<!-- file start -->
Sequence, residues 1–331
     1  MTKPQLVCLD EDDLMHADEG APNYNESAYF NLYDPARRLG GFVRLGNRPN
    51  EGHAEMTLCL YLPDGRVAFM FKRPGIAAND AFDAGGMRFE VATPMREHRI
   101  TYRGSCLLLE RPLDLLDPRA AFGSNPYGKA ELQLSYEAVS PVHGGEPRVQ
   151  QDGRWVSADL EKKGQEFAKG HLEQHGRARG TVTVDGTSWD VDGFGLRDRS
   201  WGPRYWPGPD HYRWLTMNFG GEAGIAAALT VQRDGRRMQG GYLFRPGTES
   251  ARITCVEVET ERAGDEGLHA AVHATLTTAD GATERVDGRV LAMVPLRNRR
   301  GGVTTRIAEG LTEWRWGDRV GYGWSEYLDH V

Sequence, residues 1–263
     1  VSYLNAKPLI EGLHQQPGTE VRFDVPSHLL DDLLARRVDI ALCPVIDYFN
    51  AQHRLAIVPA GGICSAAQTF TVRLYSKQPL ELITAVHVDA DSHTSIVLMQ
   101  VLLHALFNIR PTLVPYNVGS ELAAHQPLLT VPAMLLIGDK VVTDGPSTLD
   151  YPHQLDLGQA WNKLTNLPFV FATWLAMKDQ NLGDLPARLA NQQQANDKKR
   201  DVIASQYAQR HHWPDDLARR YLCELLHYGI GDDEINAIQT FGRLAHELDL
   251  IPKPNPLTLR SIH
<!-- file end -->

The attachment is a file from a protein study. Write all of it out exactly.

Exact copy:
Sequence, residues 1–331
     1  MTKPQLVCLD EDDLMHADEG APNYNESAYF NLYDPARRLG GFVRLGNRPN
    51  EGHAEMTLCL YLPDGRVAFM FKRPGIAAND AFDAGGMRFE VATPMREHRI
   101  TYRGSCLLLE RPLDLLDPRA AFGSNPYGKA ELQLSYEAVS PVHGGEPRVQ
   151  QDGRWVSADL EKKGQEFAKG HLEQHGRARG TVTVDGTSWD VDGFGLRDRS
   201  WGPRYWPGPD HYRWLTMNFG GEAGIAAALT VQRDGRRMQG GYLFRPGTES
   251  ARITCVEVET ERAGDEGLHA AVHATLTTAD GATERVDGRV LAMVPLRNRR
   301  GGVTTRIAEG LTEWRWGDRV GYGWSEYLDH V

Sequence, residues 1–263
     1  VSYLNAKPLI EGLHQQPGTE VRFDVPSHLL DDLLARRVDI ALCPVIDYFN
    51  AQHRLAIVPA GGICSAAQTF TVRLYSKQPL ELITAVHVDA DSHTSIVLMQ
   101  VLLHALFNIR PTLVPYNVGS ELAAHQPLLT VPAMLLIGDK VVTDGPSTLD
   151  YPHQLDLGQA WNKLTNLPFV FATWLAMKDQ NLGDLPARLA NQQQANDKKR
   201  DVIASQYAQR HHWPDDLARR YLCELLHYGI GDDEINAIQT FGRLAHELDL
   251  IPKPNPLTLR SIH